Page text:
|A full house at the May 28 Mason District Land Use Committee meeting.|
The recommendation is for a “mono-pole” with a graduated paint scheme ranging from brown at the base to sky blue at the top, rather than a “mono-pine” with fake branches. That mono-pole concept is supported in a staff report expected to be released later this week by the Fairfax County Department of Planning and Zoning (DPZ).
|A cell tower with graduated paint in Madison County, Va. [Photo from Bechtel Communications.]|
“I don’t think it’s appropriate to have something of his magnitude in a residential area,” said Smith. “This goes beyond the core infrastructure of a community.”
The Planning Commission has scheduled a public hearing on the proposal June 13, and the Board of Zoning Appeals will hear it July 10. A vote by the Board of Supervisors hasn’t been scheduled yet.
This was the MDLUC’s third meeting on the Parklawn cell tower. Previous meetings were emotional and contentious, and this one was no exception, with supporters and opponents sitting on opposite of the room. In general, people who support the cell tower tend to be members of the Parklawn pool concerned about cellular coverage. Those against it tend to live close to the PRA and oppose it for aesthetic reasons.
AT&T representative Ed Donohue showed several photos taken at various locations in Parklawn that suggested a mono-pole with a graduated paint scheme would be less visibly intrusive than a pole disguised as a tree. He said AT&T was unable to find a comparable site in the area that would fill a gap in coverage, while opponents of the tower disputed the need for a cell tower.
PRA President Heath Brown spoke in favor of the cell tower, saying it would lead to improved cellular service, improve area business opportunities through better voice and data communications, and improve safety by providing reliable 911 service in case of potential crimes or medical emergencies.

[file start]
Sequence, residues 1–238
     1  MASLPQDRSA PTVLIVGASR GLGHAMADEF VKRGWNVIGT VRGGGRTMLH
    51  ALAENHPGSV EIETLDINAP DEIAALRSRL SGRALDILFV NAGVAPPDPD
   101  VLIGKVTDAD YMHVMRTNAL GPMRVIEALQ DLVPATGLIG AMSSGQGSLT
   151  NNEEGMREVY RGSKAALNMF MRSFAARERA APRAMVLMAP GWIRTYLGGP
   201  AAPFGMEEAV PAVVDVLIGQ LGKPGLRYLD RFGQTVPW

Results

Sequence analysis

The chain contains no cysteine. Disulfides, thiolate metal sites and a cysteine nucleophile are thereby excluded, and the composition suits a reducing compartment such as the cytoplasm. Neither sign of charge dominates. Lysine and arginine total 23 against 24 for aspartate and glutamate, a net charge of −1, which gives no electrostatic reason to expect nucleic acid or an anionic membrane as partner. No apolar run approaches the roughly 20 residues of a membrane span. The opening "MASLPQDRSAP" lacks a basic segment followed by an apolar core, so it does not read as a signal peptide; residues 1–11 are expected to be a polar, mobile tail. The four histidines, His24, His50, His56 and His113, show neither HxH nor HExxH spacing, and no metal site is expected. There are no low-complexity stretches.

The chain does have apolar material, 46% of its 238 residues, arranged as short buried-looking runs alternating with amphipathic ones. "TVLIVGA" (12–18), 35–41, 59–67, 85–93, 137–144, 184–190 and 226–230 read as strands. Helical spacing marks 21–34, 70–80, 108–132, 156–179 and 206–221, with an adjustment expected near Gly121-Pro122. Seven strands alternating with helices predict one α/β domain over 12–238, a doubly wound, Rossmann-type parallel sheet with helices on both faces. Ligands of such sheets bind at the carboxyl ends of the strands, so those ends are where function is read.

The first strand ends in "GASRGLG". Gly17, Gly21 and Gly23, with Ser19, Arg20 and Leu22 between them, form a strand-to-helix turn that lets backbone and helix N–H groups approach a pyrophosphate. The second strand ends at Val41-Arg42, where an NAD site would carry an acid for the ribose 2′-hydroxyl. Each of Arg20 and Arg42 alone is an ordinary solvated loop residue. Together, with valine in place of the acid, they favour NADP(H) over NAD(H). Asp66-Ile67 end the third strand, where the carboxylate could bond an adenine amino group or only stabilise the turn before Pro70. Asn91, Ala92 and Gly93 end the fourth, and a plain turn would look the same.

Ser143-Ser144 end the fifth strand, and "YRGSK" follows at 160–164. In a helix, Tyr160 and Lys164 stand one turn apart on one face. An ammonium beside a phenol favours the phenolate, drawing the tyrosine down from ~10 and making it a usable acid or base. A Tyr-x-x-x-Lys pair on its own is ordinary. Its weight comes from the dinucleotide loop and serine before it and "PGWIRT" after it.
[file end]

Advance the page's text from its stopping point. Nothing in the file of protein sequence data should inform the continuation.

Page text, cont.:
Brown said a majority of PRA members support the tower. The Parklawn Civic Association hasn’t taken a position on the proposal.
Parklawn resident Michael Gates spoke against the cell tower as a representative of PACACT (Parklawn Area Citizens Against Cell Towers). “We’re not against all cell towers, just poorly planned and poorly located cell towers,” he said.
Gates urged the MDLUC to recommend rejection of the proposal for several reasons: “It would have a negative visual impact.” AT&T failed to adequately consider alternative sites, such as Peace Lutheran Church. More up-to-date maps than the one presented by Donohue fail to show a lack of cellular coverage in the affected area. Noise from the tower will be exacerbated by its location at a lower level than nearby houses.
A 2012 U.S. Court of Appeals ruling that upheld the Board of Supervisors’ rejection of a cell tower in the Fort Hunt area sets a precedent for rejecting this proposal, Gates said.
In addition, he said, the proposal is inconsistent with 13 of the 20 policies relevant to cell towers in the Fairfax County Comprehensive Plan. For example, he cited policies that call for proposed projects to minimize the visual impact, fit the character of the surrounding residential area, and avoid steep slopes and resource protection areas.
Chris Caperton, chief of the DPZ’s Public Facilities Branch, said those policies are guidelines, “not hard and fast rules.” The county recognizes that a pole that tall can’t be totally concealed, but the graduated paint would mitigate the visual impact, added Rebecca Horner, senior staff coordinator in the DPZ. She said that under AT&T’s revised proposal, no trees would be removed, a board fence would surround the pole and utility shed, and there would be no more than two carriers on the pole.
When members of the audience had a chance to chime in, one very emotional opponent said emails she received from people at the pool prove “the whole thing about no one can get coverage down there is crap.” Someone else noted, “the sky is not always blue,” so a sky-blue monopole won’t always be hidden.
A supporter of the pole said anyone who buys property next to privately owned undeveloped land should expect it to be developed at some point. And if the tower is rejected, houses could be built there at some point.